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    illustration of a hand tool

    Not Everything Can Be Fixed

    Perhaps some things can’t be repaired, but that doesn’t mean we shouldn’t try.

    By Carlo Gébler

    January 12, 2024

    Available languages: Deutsch, español

    • David McManus

      Very insightful, thankyou

    Repair, repair. oh, blessed word. Something is a bit wonky, or even broken entirely. Then, it is repaired. And then it is, as the saying goes, “as good as new.” How could the broken revert to what it had been before? This has always baffled me, but not nearly as much as the claim that sometimes the broken thing, once repaired, was actually even better. A broken bone, for instance. I remember teachers explaining to me in primary school: the bone, once it knitted back together, would be stronger than ever, said the teachers. Ah, the power of the body, they told me.

    They talked a lot of other guff as well, these dispensers of lore. I swallowed their guff, of course. They were adults and I was a minor. I had no idea there was nothing innocent about their rhetoric, although it did have a perverse generosity about it. They meant well, my elders, my superiors. The thing is, they knew what was coming – it was death. Furthermore, they knew that death, the great unspoken and unacknowledgeable horror, was the dreadful culmination of bodily mishaps that were unrepairable. So, of course, the adults of my childhood were keen to emphasize the efficacy of repair. Anything but death for them; their encomiums of repair were as much to cheer themselves up as to inoculate me.

    illustration of a hand tool

    All artwork from Ten Winter Tools series by Jim Dine, lithograph on paper, 1973. All artwork public domain.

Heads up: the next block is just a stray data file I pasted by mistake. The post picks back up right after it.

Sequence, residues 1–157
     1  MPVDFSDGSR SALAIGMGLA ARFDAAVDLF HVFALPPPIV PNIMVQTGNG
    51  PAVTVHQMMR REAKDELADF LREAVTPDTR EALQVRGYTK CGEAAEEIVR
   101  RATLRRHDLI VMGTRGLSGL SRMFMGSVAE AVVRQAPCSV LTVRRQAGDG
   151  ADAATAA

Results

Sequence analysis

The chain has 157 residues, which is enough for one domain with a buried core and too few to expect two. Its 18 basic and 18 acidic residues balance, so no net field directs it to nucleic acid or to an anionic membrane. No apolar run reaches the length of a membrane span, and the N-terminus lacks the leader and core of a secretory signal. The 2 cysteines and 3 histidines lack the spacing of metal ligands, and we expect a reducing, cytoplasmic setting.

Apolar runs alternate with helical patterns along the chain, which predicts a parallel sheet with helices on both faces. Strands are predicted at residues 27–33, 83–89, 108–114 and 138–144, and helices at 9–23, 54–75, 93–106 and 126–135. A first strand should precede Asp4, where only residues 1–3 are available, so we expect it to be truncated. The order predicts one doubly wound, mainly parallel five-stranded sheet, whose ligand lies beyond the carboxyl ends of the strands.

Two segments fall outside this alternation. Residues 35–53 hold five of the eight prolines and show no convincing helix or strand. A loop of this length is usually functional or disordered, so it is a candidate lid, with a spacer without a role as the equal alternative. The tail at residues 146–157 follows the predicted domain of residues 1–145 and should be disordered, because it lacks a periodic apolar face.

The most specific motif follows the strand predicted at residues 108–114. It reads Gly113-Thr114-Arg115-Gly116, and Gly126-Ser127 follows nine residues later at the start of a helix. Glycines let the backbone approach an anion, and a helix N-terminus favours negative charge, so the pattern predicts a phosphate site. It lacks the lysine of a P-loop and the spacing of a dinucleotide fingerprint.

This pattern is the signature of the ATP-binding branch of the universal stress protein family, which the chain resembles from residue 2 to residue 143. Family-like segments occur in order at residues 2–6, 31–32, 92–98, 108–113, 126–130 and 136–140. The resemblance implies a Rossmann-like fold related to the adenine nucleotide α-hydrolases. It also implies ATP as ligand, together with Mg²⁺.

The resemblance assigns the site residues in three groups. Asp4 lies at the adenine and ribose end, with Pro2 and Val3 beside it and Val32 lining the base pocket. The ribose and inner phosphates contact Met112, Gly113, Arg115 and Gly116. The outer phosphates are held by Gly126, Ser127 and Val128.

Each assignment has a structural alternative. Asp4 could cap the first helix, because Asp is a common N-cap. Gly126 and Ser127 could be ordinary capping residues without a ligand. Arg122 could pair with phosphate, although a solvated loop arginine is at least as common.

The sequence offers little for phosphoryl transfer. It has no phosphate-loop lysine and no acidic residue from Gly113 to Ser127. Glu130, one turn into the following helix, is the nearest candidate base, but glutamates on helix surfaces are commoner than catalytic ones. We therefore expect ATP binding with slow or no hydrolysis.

What the teachers started in primary school was augmented as I entered adolescence. The newspapers I read, the programs I watched, the radio shows I listened to, and the teachers who continued my education all told me the same story in different ways. It went like this: In the country I lived in, Britain, repair was ongoing, producing slow but steady progress. And it was ever thus; it had been going like this forever. Despite the odd reverse (always rectified in the end) the overall direction of travel had always been one way: upward. By the time I started work in 1979 (I was twenty-five), these beliefs were deeply embedded: life might not be easy but nothing stayed broken; everything eventually mended. I suppose this can be characterized as optimism, and that in my early adulthood I would have been characterized as an optimist.

    My experiences at home growing up should have taught me otherwise. During my childhood and early adolescence there was precious little conversational traffic between me and my dad. But I was an ardent eavesdropper, and I did pick up a few things about his autobiography. I learned that his own father, Adolf, had been imprisoned as an enemy alien from 1914 to 1919 – a Czech with Austro-Hungarian papers, he was from the wrong side in World War I. Shortly after Adolf’s arrest in Dublin, my father was born, and for the next five years he had his mother all to himself. Neither of the camps in which my grandfather was detained – in Oldcastle, County Meath, and later on the Isle of Man – permitted family visits. So, when Adolf finally returned to Dublin in 1919, his five-year-old son, my father, was appalled. He never attached to his father. That is why, I think, my father and I never really had that bond either. Dysfunction, as we know (or at least believe), cascades through the generations. Many things damaged my father, but the thing that did him the most harm was his father being in prison.